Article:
The remarkable voyage of the sweet potato

A group of scientists recently gathered nearly 200 samples of sweet potato varieties and related species from a host of herbariums and botanical collections.

A group of scientists recently gathered nearly 200 samples of sweet potato varieties and related species from a host of herbariums and botanical collections. (KarepaStock, Shutterstock)


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Estimated read time: 4-5 minutes

SALT LAKE CITY — When the Wampanoag people and Puritan pilgrims shared their famous harvest meal in the autumn of 1621, it's not likely that they had sweet potatoes on the menu like we often do at Thanksgiving.

Although native to Central and South America, the sweet potato hadn't been introduced to New England by the time the first Thanksgiving celebration happened. But like those on the Mayflower, it had nonetheless sailed across the salty seas to other places.

From America, the sweet potato found its way across the Pacific to Polynesia, where it has been known as "kumara" for hundreds of years. Similarly, it is known as "kumar" by the Quechua people of South America where it has been cultivated for the past 4,000 years or so, according to research from the Library of Congress. Some archaeologists believe this is no coincidence. They see the similar names as supporting evidence that seafaring Polynesians expanded their ancient trade routes to South America, arriving at the New World before the Europeans did.

However, the sweet potato's DNA might tell a different version of this story.

A group of scientists recently gathered nearly 200 samples of sweet potato varieties and related species from a host of herbariums and botanical collections. One of the samples was even collected in 1769 by botanists aboard Captain James Cook's expedition to Polynesia. After comparing the genomes of these samples, they reported that the variety of sweet potato found in Polynesia has probably been growing there for thousands of years before the arrival of humans. In other words, seeds or plants might have made that voyage across the Pacific with the help of birds or floating debris – not humans.

Not everyone in the ivory towers of sweet potato research is sold on this explanation, as noted in a 2018 article published in the journal Nature. And so for now, the science on the matter remains unsettled.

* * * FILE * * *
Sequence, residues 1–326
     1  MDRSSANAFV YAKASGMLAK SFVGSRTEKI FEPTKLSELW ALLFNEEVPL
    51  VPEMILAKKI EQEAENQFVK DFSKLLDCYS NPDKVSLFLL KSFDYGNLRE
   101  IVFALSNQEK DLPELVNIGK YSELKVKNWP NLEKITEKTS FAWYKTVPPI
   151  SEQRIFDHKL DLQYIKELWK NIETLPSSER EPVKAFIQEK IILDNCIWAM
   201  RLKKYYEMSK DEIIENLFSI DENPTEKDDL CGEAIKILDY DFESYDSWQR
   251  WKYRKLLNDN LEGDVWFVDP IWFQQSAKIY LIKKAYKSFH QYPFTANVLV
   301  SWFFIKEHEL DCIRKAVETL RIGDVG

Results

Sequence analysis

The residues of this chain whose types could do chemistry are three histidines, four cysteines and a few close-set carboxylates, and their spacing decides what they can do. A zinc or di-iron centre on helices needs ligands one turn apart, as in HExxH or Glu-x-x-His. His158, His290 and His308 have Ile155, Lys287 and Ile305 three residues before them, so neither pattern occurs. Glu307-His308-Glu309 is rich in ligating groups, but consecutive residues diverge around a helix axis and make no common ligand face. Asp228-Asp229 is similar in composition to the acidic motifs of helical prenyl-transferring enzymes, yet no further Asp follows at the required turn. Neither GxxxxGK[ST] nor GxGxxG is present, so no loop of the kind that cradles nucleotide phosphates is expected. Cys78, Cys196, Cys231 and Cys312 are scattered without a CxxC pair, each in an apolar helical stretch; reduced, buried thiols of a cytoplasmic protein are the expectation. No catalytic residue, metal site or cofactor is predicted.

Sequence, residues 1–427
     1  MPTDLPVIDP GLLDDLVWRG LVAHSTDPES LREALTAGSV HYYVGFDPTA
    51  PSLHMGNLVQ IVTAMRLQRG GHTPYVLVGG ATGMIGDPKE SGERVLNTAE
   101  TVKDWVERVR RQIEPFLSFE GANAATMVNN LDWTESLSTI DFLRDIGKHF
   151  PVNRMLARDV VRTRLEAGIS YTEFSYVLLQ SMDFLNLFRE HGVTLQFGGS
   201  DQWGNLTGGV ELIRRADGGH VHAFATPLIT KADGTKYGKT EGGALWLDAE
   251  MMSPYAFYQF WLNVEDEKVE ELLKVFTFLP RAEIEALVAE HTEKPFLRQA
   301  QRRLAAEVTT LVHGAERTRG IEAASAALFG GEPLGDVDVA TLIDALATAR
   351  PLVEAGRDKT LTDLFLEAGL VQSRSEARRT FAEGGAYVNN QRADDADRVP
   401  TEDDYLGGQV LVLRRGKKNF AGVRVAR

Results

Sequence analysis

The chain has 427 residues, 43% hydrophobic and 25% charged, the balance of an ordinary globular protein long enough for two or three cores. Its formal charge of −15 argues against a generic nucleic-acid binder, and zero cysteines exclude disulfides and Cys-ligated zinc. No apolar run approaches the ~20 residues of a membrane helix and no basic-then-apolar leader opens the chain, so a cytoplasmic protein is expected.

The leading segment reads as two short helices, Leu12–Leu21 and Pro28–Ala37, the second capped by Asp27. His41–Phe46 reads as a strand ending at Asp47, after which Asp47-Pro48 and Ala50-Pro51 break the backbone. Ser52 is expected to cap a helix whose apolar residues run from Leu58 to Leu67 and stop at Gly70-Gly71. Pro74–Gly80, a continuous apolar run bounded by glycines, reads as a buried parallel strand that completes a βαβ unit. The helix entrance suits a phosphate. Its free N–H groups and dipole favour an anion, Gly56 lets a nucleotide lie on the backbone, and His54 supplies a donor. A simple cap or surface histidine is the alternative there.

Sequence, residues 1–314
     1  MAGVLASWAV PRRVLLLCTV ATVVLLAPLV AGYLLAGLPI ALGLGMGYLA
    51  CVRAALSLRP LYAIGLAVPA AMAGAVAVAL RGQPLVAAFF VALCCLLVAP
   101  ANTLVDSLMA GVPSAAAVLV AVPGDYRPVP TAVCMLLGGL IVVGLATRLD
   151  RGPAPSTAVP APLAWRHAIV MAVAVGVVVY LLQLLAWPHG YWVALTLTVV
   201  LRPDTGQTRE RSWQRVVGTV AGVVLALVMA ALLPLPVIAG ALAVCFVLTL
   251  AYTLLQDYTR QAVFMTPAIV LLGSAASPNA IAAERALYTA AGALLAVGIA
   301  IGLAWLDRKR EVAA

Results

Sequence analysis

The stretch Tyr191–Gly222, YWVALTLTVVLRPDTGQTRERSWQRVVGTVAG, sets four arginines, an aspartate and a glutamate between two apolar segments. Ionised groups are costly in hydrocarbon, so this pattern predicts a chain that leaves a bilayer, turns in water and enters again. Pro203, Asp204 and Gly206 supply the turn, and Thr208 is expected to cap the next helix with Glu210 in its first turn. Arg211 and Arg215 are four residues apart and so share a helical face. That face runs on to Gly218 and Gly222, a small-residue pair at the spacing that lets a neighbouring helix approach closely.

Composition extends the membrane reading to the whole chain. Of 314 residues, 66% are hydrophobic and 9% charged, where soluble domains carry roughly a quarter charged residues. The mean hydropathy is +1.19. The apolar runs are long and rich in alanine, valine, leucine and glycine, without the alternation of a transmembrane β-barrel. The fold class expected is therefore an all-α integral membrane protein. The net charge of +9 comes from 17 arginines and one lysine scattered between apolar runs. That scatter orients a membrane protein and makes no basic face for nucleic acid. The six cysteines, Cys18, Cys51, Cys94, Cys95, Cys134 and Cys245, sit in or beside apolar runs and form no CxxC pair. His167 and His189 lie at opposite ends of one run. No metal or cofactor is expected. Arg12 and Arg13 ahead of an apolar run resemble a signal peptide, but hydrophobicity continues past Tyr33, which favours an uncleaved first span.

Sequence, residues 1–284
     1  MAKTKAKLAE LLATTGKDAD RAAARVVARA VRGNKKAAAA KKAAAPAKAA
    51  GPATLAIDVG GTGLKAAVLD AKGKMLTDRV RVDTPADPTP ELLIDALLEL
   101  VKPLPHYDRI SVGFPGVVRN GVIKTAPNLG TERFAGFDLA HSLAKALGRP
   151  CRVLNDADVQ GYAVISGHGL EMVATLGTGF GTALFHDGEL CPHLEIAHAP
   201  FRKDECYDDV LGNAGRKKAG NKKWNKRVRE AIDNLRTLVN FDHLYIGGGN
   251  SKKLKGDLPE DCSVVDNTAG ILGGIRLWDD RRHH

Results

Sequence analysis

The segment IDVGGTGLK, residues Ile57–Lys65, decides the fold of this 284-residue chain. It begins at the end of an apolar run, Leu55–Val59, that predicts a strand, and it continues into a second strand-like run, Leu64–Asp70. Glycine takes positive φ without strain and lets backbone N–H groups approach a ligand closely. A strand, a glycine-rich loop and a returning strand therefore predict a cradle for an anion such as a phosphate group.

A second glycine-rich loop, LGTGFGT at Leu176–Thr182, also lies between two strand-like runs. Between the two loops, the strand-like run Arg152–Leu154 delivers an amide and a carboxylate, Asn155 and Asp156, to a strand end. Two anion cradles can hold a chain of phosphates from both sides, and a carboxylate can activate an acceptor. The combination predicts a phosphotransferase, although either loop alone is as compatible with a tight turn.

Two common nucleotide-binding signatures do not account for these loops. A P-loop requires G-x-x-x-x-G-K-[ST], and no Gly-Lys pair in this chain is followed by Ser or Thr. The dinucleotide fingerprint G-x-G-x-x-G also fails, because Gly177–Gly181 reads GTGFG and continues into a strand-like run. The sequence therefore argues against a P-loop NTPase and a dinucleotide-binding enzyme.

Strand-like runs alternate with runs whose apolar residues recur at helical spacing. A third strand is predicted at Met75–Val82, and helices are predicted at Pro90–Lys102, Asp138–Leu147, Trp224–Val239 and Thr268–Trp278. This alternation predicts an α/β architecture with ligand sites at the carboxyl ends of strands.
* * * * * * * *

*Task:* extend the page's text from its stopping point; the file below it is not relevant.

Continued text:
What is far more certain is how the sweet potato made its way across the Atlantic. Cultivations of the crop were commonplace in the Caribbean islands when Columbus and his crew arrived. And when they navigated their caravel and carrack ships back to Europe, they brought sweet potatoes along with them. Thus began the introduction of this American staple to the Old World. It quickly spread across Europe, into Africa and Asia, eventually circumnavigating all the way back around to the Pacific and arriving in Japan by 1605, Stripes Okinawa says.

Outside the Caribbean-adjacent southern states — and except for on Thanksgiving — most North Americans ignored the sweet potatoes in the grocery aisle for many years, if they were stocked there at all. But that has changed recently. Data from the USDA shows that farmers are producing more than twice as many sweet potatoes now than they were in the decades prior to 2000.

One might imagine that the American path to sweet potato acceptance was blazed by the regular potato (only a distant relation) when fast food introduced us all to french fries. It wasn't long until julienned sweet potatoes found their way into the deep fryer too, and now many customers of burger joints will gladly pay a dollar more to upgrade their fries to the sweeter orange variety.

There might be a few other reasons why we are eating more sweet potatoes, according to Professor Daniel Drost, a vegetable specialist with the Utah State University agriculture extension.

First, Drost says that more of us are realizing how nutritious sweet potatoes are. "Popularity of the sweet potato is due to its nutritional content," he said, noting that they are high in carbohydrates and also full of vitamins A and C, and high in calcium and iron, too. "So, they are really good for you."

Second, Drost noted that "they are now available year-round." In the past, it was hard to find sweet potatoes regularly except for around the holidays, but now there are even several varieties to choose from.

"Common orange-fleshed varieties include Beauregard, Covington and Jewel," Drost said. Sometimes these are mislabeled as yams, but real yams are from Africa and are less common at most American grocery stores.

And finally, the sweet potato is a convenient and versatile vegetable that also stores well.

"They are easy to prepare, just like regular potatoes," Drost said, adding that he often uses them to add a subtle sweetness to his roasted vegetable mix of onions, brussels sprouts, carrots and parsnips.

There are many other ways that sweet potatoes will be prepared this holiday season. Whether baked, fried, mashed, or in pie, we can all be thankful that this delicious orange root made a remarkable voyage that somehow landed it on our plates.


About the Author: Robert Lawrence

Robert Lawrence is a science editor based in New York. He enjoys his sweet potatoes cubed and sautéed in olive oil with a bit of sea salt. You can find more of his work at: www.robertlawrencephd.com

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